|Environment and development
in coastal regions and in small islands
Study of Main Drainage Channels of Victoria and Ikoyi Islands in Lagos Nigeria and their Response to Tidal and Sea Level Changes
Within the overall objectives of the UNESCO Project on Environment and Development in Coastal Areas and Small Islands and specifically its component related to sustainable development of continental coastal regions, and as a contribution to the Disasters Reduction Programme, the Coast and Small Islands (CSI) Division of the United Nations Educational, Scientific and Cultural Organisation (UNESCO) funded a project to study the drainage channels in Victoria and Ikoyi Islands, Lagos, Nigeria. The study also includes examining the impacts of flooding and conduct public awareness campaign on the reduction of flooding in Lagos (Victoria and Ikoyi Islands), Nigeria.
Victoria and Ikoyi Islands in Lagos State, Nigeria, constitute the two main barrier islands (Figure 1.1) complexes made up of both residential, commercial and tourist facilities. The Victoria beach in Lagos, is the most popular tourist beach in Nigeria. The beach is made up of a low-lying sandy beach. Ikoyi Island on the other hand is surrounded wholly by the Lagos Lagoon and the Five Cowrie creek (Figure 1.2). Ikoyi Island is mainly composed of residential buildings and some commercial buildings. Victoria Island is located immediately east of the eastern mole on the downdrift side of the natural inlet into the Lagos harbour. The Islands lies specifically north of latitude 6°25'N and longitudes 3°24'30"E to 3°26'30"E.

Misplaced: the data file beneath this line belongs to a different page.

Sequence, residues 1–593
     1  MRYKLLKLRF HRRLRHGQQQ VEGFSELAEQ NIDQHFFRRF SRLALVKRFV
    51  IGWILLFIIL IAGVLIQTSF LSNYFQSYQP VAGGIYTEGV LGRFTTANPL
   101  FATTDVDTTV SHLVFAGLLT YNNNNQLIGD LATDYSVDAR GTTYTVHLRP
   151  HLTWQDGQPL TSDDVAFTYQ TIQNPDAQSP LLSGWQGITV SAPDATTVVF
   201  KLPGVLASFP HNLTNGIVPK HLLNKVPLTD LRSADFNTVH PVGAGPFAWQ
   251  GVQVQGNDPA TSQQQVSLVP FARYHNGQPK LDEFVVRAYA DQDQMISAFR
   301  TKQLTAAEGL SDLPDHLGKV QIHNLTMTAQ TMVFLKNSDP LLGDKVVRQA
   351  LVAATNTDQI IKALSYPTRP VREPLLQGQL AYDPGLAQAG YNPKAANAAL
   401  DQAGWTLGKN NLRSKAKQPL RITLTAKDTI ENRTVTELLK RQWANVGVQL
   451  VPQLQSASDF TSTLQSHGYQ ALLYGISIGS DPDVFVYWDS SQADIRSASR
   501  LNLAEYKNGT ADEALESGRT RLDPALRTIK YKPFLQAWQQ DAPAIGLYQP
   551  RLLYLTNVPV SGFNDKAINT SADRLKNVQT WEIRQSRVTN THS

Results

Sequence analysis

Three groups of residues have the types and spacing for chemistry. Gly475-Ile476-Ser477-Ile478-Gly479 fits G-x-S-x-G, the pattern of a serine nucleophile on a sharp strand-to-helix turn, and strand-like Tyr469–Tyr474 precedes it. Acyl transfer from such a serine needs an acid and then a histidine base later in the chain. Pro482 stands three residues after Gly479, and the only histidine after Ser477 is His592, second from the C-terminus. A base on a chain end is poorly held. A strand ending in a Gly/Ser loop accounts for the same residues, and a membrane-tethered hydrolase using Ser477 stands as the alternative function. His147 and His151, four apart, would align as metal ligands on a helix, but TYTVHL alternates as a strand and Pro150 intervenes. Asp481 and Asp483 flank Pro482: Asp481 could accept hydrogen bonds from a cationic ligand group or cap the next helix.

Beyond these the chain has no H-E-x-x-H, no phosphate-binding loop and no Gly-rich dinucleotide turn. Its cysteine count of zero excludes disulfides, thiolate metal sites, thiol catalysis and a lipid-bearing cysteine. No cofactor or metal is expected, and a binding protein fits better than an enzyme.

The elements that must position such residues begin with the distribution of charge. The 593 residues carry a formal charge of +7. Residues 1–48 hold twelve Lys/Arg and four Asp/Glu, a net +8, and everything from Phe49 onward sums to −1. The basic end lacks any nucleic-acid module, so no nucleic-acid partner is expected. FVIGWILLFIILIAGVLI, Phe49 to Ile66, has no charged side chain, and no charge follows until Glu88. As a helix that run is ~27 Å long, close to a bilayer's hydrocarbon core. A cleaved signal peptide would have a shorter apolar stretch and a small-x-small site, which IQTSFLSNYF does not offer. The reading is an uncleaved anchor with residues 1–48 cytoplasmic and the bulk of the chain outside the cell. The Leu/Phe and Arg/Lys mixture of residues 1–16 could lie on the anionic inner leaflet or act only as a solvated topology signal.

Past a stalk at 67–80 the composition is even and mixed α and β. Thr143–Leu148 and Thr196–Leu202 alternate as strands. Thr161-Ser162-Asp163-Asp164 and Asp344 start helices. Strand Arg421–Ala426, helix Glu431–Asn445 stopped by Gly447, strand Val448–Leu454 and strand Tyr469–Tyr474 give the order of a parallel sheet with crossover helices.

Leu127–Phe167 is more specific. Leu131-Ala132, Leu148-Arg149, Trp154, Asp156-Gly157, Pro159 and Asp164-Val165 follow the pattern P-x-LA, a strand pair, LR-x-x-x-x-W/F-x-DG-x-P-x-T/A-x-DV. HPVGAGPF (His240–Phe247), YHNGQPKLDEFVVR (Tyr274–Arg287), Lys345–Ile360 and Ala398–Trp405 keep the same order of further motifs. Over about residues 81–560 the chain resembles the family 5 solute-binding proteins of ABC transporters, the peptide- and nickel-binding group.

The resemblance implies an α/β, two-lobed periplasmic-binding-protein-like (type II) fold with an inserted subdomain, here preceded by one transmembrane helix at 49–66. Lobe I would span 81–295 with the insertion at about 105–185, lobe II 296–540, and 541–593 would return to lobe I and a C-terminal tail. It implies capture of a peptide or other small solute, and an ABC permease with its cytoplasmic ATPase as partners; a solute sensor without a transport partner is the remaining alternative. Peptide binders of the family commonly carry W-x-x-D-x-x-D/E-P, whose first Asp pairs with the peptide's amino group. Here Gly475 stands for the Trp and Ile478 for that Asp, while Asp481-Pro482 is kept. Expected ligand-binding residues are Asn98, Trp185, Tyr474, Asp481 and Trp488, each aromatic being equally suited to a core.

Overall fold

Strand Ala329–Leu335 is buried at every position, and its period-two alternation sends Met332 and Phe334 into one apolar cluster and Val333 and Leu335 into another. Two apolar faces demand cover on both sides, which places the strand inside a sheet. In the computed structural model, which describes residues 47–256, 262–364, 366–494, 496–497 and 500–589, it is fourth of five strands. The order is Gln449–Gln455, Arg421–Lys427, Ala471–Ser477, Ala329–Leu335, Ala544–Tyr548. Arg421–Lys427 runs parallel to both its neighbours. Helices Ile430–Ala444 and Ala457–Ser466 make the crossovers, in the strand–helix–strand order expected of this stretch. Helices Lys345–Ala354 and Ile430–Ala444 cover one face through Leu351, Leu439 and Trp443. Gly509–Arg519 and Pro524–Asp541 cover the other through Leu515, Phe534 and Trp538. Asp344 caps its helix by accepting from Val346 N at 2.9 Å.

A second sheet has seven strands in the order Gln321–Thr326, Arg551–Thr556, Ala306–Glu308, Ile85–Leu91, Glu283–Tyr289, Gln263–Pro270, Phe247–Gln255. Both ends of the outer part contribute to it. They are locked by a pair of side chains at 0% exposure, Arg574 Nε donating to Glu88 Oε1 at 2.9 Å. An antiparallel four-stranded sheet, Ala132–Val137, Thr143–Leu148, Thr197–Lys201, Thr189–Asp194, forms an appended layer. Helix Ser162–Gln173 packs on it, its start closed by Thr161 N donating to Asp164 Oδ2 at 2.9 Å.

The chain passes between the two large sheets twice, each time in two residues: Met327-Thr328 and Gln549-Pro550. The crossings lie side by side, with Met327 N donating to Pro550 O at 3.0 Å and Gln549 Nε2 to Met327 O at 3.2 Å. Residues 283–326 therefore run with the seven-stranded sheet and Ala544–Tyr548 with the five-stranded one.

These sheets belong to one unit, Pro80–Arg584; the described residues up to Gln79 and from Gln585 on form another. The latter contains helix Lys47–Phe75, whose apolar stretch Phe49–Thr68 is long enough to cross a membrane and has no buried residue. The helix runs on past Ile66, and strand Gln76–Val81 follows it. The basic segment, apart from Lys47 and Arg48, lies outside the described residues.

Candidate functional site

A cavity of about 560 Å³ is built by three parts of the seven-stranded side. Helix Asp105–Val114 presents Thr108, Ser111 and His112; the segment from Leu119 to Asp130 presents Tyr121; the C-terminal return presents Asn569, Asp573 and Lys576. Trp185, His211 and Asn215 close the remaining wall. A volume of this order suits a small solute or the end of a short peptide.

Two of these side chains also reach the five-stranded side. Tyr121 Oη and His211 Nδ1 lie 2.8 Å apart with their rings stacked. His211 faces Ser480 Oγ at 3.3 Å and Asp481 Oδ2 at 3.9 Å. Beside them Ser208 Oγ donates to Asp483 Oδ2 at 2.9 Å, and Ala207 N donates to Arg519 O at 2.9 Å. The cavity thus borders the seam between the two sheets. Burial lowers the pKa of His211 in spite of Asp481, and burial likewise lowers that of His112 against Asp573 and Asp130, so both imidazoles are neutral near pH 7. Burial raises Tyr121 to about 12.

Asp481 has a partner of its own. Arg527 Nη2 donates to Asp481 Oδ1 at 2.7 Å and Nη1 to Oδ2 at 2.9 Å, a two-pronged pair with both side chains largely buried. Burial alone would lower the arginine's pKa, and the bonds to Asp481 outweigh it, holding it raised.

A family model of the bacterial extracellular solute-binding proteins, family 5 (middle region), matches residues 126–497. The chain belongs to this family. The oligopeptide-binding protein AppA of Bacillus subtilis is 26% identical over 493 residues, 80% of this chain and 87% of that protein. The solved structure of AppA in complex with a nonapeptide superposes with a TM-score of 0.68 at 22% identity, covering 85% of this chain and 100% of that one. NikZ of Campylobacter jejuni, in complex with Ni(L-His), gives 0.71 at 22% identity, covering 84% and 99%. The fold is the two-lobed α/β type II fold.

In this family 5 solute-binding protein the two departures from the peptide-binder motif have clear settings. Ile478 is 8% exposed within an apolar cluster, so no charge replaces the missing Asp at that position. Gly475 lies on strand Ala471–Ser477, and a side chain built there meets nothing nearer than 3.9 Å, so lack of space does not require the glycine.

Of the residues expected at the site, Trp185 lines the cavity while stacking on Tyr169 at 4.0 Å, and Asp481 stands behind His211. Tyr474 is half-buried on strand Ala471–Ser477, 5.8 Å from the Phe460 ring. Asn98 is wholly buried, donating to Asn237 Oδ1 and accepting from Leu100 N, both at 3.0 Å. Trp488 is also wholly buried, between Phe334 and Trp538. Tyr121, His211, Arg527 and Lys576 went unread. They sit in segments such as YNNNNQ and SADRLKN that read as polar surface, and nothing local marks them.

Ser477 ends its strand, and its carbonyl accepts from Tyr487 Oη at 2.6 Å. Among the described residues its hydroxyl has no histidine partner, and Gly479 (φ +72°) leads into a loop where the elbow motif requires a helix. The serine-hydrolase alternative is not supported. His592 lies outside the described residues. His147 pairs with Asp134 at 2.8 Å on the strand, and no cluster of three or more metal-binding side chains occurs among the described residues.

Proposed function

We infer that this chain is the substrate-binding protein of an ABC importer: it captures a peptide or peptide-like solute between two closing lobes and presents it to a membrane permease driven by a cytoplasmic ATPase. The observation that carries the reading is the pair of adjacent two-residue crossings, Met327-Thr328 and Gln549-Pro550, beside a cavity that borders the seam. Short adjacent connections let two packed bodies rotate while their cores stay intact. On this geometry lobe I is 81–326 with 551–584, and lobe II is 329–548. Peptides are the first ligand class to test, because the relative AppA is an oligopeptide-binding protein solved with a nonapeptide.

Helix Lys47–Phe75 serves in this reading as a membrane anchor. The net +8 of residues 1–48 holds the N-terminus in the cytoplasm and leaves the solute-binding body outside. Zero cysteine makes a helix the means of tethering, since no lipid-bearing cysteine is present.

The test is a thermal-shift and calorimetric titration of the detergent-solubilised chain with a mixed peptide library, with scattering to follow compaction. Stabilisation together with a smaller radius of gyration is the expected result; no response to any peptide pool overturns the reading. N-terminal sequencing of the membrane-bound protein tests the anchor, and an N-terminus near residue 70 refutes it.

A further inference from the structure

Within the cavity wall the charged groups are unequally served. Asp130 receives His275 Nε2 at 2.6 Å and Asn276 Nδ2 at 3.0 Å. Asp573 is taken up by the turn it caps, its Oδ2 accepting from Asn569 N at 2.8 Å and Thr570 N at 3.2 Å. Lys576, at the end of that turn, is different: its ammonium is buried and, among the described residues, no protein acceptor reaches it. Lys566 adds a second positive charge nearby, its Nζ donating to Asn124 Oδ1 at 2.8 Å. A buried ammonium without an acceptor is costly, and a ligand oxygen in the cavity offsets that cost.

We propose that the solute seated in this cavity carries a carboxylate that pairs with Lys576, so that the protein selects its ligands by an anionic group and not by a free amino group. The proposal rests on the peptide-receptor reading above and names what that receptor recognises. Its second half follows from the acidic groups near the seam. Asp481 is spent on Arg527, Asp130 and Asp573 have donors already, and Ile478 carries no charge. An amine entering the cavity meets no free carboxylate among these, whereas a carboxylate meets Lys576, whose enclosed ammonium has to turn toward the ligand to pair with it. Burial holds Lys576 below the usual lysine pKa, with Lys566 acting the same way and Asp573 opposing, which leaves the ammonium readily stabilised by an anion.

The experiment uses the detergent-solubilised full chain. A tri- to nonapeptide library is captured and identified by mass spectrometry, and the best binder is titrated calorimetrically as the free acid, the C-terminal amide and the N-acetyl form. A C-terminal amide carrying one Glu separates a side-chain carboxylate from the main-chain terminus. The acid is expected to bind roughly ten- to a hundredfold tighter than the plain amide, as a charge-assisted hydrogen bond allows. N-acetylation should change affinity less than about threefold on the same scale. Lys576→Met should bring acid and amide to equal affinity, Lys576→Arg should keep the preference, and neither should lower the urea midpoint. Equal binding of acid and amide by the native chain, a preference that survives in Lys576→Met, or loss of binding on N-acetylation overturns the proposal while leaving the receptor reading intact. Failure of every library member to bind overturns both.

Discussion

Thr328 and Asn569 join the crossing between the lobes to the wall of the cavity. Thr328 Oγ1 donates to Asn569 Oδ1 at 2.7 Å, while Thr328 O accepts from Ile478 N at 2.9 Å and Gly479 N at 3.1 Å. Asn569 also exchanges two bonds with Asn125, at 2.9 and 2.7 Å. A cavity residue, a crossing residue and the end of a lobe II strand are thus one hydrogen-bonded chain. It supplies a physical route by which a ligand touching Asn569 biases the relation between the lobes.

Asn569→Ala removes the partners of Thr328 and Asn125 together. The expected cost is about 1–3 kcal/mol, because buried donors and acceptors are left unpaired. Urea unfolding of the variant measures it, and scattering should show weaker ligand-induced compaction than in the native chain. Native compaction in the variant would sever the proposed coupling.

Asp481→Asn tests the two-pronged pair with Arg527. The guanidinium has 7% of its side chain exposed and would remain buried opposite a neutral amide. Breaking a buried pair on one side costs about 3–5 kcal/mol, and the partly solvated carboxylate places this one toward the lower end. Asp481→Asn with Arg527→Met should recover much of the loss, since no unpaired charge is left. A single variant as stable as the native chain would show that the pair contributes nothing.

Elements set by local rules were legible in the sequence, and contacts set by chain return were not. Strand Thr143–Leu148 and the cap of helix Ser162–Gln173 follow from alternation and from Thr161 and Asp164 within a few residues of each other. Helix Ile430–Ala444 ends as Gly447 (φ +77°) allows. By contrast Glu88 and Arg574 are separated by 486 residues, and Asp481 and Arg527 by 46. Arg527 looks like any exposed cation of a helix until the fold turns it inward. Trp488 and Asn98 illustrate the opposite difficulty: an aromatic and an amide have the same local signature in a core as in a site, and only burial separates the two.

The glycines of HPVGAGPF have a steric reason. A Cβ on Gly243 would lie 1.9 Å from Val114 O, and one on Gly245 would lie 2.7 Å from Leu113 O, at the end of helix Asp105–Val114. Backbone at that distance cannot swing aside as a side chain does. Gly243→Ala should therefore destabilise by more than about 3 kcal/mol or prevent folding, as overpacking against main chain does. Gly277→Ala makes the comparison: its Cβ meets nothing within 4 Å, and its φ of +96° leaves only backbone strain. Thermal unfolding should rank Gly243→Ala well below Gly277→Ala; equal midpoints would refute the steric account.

Several authors have described the morphology of Victoria beach. Notable ones amongst others include Ibe, Awosika et al (1986), Ibe (1987), Ibe and Awosika (1993), Awosika et al (1993). Victoria Island beach is the eastern part of a system of barrier-lagoon complex, which stretches from Cote d' Ivoire to the Niger delta in Nigeria. The foreshore of Victoria Island is a low coastal plain with beach ridges farther inland.
Behind the beach ridges is the Lagos lagoon, the largest coastal lagoon in western Africa. The barrier system is fronted by a very narrow beach with foreshore gradient of about 1:50. Beach crest elevation is between 3-4m above mean low-low water. The beach is backed by narrow and sandy beach ridges, which are, aligned parallel with the modern coast. Coastal vegetation along the barrier system is very sparse with scattered mangroves and swamps. Coconut trees especially along Badagry and Lekki beaches dominate the coast. According to RPI (1986), coastal vegetation consists of the sedges Cyperus sp; the herb Euphorbia hypossopifolia; the succulent herb Dioda vaginalis and the trees Parinari robusta.